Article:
BACKGROUND: Retrotransposons are commonly occurring eukaryotic transposable elements (TEs). Among these, long terminal repeat (LTR) retrotransposons are the most abundant TEs and can comprise 50-90% of the genome in higher plants. By comparing the orthologous chromosomal regions of closely related species, the effects of TEs on the evolution of plant genomes can be studied in detail. RESULTS: Here, we compared the composition and organization of TEs within five orthologous chromosomal regions among three grass species: maize, sorghum, and rice. We identified a total of 132 full or fragmented LTR retrotransposons in these regions. As a percentage of the total cumulative sequence in each species, LTR retrotransposons occupy 45.1% of the maize, 21.1% of the rice, and 3.7% of the sorghum regions. The most common elements in the maize retrotransposon-rich regions are the copia-like retrotransposons with 39% and the gypsy-like retrotransposons with 37%. Using the contiguous sequence of the orthologous regions, we detected 108 retrotransposons with intact target duplication sites and both LTR termini. Here, we show that 74% of these elements inserted into their host genome less than 1 million years ago and that many retroelements expanded in size by the insertion of other sequences. These inserts were predominantly other retroelements, however, several of them were also fragmented genes. Unforeseen was the finding of intact genes embedded within LTR retrotransposons. CONCLUSION: Although the abundance of retroelements between maize and rice is consistent with their different genome sizes of 2,364 and 389 Mb respectively, the content of retrotransposons in sorghum (790 Mb) is surprisingly low. In all three species, retrotransposition is a very recent activity relative to their speciation. While it was known that genes re-insert into non-orthologous positions of plant genomes, they appear to re-insert also within retrotransposons, potentially providing an important role for retrotransposons in the evolution of gene function.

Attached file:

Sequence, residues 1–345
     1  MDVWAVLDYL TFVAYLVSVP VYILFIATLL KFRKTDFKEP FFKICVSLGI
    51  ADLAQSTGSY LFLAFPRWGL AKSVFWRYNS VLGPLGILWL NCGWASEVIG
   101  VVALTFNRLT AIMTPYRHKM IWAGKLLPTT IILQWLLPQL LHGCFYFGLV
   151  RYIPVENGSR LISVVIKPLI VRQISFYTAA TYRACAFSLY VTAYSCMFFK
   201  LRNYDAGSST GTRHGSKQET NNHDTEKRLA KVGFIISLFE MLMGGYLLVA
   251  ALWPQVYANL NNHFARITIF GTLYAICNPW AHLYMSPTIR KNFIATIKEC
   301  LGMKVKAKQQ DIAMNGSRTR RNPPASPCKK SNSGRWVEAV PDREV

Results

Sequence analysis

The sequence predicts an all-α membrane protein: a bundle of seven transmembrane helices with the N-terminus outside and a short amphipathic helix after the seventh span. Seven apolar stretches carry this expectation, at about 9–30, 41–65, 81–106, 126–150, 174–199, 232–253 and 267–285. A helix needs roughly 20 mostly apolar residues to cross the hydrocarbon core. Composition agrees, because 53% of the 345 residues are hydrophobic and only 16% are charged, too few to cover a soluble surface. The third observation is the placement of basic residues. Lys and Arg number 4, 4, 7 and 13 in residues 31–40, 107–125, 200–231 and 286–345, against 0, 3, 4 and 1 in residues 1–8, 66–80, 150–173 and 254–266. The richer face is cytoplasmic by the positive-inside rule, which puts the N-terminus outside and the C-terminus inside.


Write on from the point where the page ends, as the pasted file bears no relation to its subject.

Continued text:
The complete Ac/Ds transposon family of maize..
BMC Genomics. 12:588 :doi:10.1186/1471-2164-12-588. Abstract
Background: The nonautonomous maize Ds transposons can only move in the presence of the autonomous
element Ac. They comprise a heterogeneous group that share 11-bp terminal inverted repeats (TIRs) and some
subterminal repeats, but vary greatly in size and composition. Three classes of Ds elements can cause mutations: